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#261 The Huddled Masses: Emma Lazarus and the Statue of Liberty

The words of the The New Colossus, written 135 years ago by Jewish writer Emma Lazarus in tribute to the Statue of Liberty, have never been more relevant -- or as hotly debated -- as they are today.

What do these words mean to you? "Give me your tired, your poor/Your huddled masses yearning to breathe free/The wretched refuse of your teeming shore."

In this episode, Tom and Greg look at the backstory of these verses -- considered sacred by many -- and the woman who created them.

Emma Lazarus was an exceptional writer and a unique personality who embraced her Jewish heritage even while befriending some of the greatest writers of the 19th century. When the French decided to bestow the gift of Liberty Enlightening the World to the United States, many Americans were uninterested in donating money to its installation in New York Harbor. Lazarus was convinced to write a poem about the statue but she decided to infuse her own meaning into it.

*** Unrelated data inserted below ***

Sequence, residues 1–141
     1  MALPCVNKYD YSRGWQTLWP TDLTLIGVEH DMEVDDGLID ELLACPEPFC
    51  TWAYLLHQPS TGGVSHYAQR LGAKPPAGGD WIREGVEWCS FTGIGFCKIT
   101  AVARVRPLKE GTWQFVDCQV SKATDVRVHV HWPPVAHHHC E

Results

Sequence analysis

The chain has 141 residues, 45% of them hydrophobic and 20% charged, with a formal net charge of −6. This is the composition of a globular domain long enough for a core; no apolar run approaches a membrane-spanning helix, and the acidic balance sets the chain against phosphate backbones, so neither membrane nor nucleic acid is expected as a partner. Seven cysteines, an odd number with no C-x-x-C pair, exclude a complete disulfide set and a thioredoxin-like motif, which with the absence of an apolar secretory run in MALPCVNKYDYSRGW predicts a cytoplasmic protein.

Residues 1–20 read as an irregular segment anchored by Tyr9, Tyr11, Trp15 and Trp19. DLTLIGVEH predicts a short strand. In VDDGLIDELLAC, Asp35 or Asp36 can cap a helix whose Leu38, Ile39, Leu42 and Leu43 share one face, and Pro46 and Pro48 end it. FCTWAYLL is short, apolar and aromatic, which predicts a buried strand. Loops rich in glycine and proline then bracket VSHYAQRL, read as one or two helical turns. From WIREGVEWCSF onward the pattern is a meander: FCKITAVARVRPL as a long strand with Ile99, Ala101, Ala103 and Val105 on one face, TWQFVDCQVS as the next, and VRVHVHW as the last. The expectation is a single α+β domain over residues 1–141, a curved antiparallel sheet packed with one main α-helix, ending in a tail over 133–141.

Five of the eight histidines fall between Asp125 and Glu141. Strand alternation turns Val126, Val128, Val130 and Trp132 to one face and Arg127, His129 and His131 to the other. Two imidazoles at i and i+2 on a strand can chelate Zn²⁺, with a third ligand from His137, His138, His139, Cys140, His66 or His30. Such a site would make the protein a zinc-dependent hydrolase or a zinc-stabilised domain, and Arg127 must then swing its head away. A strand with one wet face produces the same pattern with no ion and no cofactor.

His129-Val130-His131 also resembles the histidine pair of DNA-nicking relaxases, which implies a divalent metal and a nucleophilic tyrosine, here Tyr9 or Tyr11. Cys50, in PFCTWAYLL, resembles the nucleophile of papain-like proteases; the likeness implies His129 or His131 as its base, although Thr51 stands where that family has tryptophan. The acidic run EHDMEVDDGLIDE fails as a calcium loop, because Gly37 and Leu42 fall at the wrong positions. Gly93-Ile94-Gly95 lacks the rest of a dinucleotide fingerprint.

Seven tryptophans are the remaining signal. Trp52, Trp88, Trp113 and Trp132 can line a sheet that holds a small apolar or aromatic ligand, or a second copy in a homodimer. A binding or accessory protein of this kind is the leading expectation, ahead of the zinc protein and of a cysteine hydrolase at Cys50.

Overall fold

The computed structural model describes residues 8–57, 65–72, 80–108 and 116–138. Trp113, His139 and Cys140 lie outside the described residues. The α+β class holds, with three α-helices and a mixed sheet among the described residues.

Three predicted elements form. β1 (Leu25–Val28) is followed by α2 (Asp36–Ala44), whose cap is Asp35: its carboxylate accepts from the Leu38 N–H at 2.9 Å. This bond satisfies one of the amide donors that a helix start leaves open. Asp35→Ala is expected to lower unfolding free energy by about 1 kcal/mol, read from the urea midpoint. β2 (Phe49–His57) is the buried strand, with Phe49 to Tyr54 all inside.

This icon of republican government -- and friendship between France and America -- would soon come to mean safe harbor and welcome to millions of new immigrants coming to America. But are Lazarus' words still relevant in the 21st century?

2018-04-20 01:07:51 UTC

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